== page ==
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Issue Date: August 2007

Linux revitalising the mainframe

1 August 2007
Willie Maritz, CA senior consultant

Is the z/Linux operating system injecting new life into the mainframe?
Running under IBM's zVirtual Machine (zVM) gives companies the ideal option to consolidate multiple servers to a single machine in a more cost effective way. Doing so not only offers an opportunity to reduce the costs of hardware and licensing, but also improves manageability. That is according to Willie Maritz, senior consultant at CA Africa.
"With z/VM, IBM has provided the necessary technology to run multiple Linux images on the mainframe under one processor. This might curb the tendency for even SME companies to move away from the mainframe, which began to garner a reputation for being a high cost solution," he says.
And while VM's on the mainframe goes back years, Maritz says the advantages offered by the ability to consolidate servers are today receiving more and more interest from business. "We are working with companies who already test this concept for the introduction of mixed workloads with Linux on the mainframe. Initial skepticism is giving way to market adoption."
IBM introduced the integrated facility for Linux (IFL) processor which is dedicated to run z/Lunix and also support z/VM at a very acceptable price and it will not affect the MSU usage on the normal processors. This continues to increase the interest and viability of this option.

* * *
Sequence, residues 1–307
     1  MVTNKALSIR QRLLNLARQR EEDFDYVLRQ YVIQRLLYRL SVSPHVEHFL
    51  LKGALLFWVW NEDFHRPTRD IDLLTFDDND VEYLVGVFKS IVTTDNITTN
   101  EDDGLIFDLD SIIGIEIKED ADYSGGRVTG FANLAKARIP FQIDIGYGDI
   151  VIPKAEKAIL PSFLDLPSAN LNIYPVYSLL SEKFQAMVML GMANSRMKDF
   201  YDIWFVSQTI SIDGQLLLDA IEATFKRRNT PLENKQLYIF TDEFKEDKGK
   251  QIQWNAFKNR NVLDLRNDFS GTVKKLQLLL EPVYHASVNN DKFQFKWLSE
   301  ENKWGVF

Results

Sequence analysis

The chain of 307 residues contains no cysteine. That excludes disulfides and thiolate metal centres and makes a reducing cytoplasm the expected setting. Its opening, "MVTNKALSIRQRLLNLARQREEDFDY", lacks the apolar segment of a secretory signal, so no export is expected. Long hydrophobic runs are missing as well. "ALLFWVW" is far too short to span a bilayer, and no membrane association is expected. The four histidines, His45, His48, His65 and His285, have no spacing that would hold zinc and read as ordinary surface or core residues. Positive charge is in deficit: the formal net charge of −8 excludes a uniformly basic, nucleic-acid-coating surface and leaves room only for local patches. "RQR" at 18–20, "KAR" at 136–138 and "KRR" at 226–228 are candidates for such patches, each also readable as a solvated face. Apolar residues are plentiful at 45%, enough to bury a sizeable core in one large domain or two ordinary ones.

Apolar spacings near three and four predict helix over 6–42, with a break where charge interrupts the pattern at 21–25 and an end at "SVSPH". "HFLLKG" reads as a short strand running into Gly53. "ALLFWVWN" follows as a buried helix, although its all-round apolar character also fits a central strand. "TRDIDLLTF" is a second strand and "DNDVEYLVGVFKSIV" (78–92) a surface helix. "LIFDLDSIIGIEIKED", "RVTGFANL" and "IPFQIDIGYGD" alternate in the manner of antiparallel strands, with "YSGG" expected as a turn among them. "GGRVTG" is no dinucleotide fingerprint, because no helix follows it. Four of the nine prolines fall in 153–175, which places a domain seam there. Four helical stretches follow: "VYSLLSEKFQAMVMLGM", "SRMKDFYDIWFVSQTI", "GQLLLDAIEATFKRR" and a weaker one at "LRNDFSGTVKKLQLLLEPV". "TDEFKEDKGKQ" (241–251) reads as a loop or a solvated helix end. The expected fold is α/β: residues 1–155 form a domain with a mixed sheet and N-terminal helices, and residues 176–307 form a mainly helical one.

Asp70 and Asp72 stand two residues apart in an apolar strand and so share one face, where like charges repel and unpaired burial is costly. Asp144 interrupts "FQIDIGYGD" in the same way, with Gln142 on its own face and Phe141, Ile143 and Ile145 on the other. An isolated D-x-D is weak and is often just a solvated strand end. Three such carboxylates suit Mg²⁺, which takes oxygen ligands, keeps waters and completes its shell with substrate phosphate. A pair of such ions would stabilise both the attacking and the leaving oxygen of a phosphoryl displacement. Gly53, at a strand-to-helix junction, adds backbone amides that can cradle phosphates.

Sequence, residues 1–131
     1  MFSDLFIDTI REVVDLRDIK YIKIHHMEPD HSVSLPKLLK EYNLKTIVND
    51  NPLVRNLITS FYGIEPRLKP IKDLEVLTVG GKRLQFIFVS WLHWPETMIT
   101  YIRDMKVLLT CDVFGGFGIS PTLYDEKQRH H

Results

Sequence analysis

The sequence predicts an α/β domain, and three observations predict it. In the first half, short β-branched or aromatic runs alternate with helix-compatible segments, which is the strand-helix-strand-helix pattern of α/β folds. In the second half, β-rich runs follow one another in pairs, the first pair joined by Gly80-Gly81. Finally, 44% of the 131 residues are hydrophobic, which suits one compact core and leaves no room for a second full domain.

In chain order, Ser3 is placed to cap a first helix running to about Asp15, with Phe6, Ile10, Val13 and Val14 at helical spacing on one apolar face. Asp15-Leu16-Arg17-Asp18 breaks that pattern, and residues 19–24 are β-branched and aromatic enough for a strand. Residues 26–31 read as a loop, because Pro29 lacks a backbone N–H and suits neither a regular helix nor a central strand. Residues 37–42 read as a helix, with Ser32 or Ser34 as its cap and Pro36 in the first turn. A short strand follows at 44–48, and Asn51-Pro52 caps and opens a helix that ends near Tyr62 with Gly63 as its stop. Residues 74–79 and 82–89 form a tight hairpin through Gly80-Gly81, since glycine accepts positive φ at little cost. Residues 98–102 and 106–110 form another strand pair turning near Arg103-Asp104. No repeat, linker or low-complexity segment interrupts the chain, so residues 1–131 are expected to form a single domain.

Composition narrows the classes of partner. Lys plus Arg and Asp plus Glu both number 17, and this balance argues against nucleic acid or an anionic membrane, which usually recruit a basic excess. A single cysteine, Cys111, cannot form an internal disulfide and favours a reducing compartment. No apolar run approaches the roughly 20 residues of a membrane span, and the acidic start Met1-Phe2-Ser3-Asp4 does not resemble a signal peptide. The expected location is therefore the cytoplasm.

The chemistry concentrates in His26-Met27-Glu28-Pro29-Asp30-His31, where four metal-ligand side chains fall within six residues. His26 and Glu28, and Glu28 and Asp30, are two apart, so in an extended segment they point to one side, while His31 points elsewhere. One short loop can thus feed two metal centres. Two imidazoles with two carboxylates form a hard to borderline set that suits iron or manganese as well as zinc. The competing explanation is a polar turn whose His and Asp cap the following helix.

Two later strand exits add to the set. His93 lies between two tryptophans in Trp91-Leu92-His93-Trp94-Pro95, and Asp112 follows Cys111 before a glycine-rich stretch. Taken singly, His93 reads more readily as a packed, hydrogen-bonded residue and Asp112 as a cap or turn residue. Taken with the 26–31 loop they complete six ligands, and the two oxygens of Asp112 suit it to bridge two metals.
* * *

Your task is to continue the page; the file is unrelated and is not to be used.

Maritz says the benefits of mainframe environments which have been enjoyed by business for years are now extended to a wider range of applications than before. "Linux running under zVM delivers mainframe security, storage manageability, performance monitoring, workload scheduling and other typical advantages offered by the zOS.
"It is possible for the business to conduct management of these mixed environments using products on z/VM that integrate products already installed in z/OS," he explains.
In organisations where hundreds of applications could be installed on many physical instances of standalone servers, consolidation on to a mainframe delivers a clear cost-of-ownership benefit. This is matched with possible reductions in personnel required to support and manage the systems, which is of particular benefit in an environment where skills are scarce.
The availability of Linux on zOS also provides sound justification for those companies which have not upgraded to the more recent versions, since it provides the potential to consolidate workloads and thereby increase the value that the mainframe is delivering to the business.

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